• 13. Contempt Farewell (1:32)
• 14. The Lady is Disloyal (2:14)
• 15. Hero's Wedding (0:47)
• 16. Take Her Back Again (3:10)
• 17. Die to Live (4:43)
• 18. You Have Killed a Sweet Lady (3:03)
• 19. Choose Your Revenge (1:48)
• 20. Pardon, Goddess of the Night (4:32)
• 21. Did I Not Tell You (1:40)
• 22. Hero Revealed (1:26)
• 23. Benedick the Married Man (2:06)
• 24. Strike Up Pipers (2:41)

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The packaging includes the following (March 18th, 1993) note from Patrick Doyle:

    "During our earlier discussions on Much Ado About Nothing, Ken suggested adapting 'Sigh No More Ladies' for the song that Balthazar sings in the garden. When I arrived in Tuscany for the rehearsal week, we immediately sat down and bashed our heads together and eventually made it work.

    Ken and I discussed preparing in advance many of the music cues required for play-back purposes on the set. We both agreed consequently that the atmosphere of being on a location in such a gorgeous setting would be a crucial element in achieving the appropriate moods. By the end of the rehearsal week, all the actors had learnt the melody and harmonies for 'Sigh No More Ladies', and the small strolling band of players had learnt their dance tunes for 'The Masked Ball'. The melody for 'Pardon Goddess Of The Night' proved to be the most elusive as each time I presented Ken with what I thought he was searching for, I was sent back to the 'Drawing Board'. After much hair pulling, I was fifth time lucky.

    Although we had very limited resources and time on location, I managed to grab the actors and teach them a very rough version of the funeral hymn, which we recorded on the 'Villa Vignamaggio Tennis Court' during lunch! Also I shall never forget the assembly line of actors in the central courtyard, literally learning and recording a capella all the harmonies and countermelodies for 'Sigh No More Ladies'. They were magnificent!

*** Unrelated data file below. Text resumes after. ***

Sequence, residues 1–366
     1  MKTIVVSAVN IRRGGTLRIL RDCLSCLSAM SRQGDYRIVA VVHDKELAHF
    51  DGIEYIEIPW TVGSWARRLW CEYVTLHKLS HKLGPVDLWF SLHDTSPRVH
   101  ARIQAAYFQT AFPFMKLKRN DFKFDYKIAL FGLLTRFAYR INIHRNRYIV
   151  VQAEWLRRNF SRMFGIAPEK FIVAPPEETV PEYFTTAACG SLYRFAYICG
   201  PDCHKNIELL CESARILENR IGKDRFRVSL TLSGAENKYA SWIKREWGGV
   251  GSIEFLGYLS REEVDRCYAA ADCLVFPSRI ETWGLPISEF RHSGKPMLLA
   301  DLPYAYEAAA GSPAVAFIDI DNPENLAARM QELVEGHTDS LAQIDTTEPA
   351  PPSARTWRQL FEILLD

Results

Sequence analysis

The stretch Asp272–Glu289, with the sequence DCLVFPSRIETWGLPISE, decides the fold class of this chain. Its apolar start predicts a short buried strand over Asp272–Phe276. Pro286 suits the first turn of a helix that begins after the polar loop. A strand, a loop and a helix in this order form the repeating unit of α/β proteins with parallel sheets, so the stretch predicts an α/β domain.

Much later back in London, with the help of Gavin Greenaway and a barmoniser, we managed to save almost all of the frenetic work, which proved to be invaluable for the previews as Ken predicted. There were many difficult moments to address in the underscore. The most obvious one was the opening montage sequence which needed to he big, romantic, melodic and dramatic, but at the same time the music needed to have lots of drive. Along with all these other requirements the music had to underline the obvious masculine and feminine aspect. The end result culminated in what turned out to be a traditional 'Overture', containing virtually every theme.

    The other difficult moment was where Claudio rejects Hero at the wedding ceremony ('Take her back again'). Here, there were so many changes of mood to capture and on top of that virtually non-stop dialogue. It was one of the last cues I addressed for (apart from terror) every element from either side of this scene had to be drawn upon to give me ideas. In my view it became the most operatic use of underscore.

    I am immensely proud and privileged to have been part of Much Ado About Nothing and I don't know why I am surprised, but yet again I am amazed at the talent, strength and inventiveness of its creator. He has done a magnificent job. My many thanks to Ken yet again!"
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The reviews and other textual content contained on the site may not be published, broadcast, rewritten
or redistributed without the prior written authority of Christian Clemmensen at Filmtracks Publications. All artwork and sound clips from Much Ado About Nothing are Copyright © 1998, Epic Soundtrax and cannot be redistributed without the label's expressed written consent. Page created 7/21/98 and last updated 9/2/06.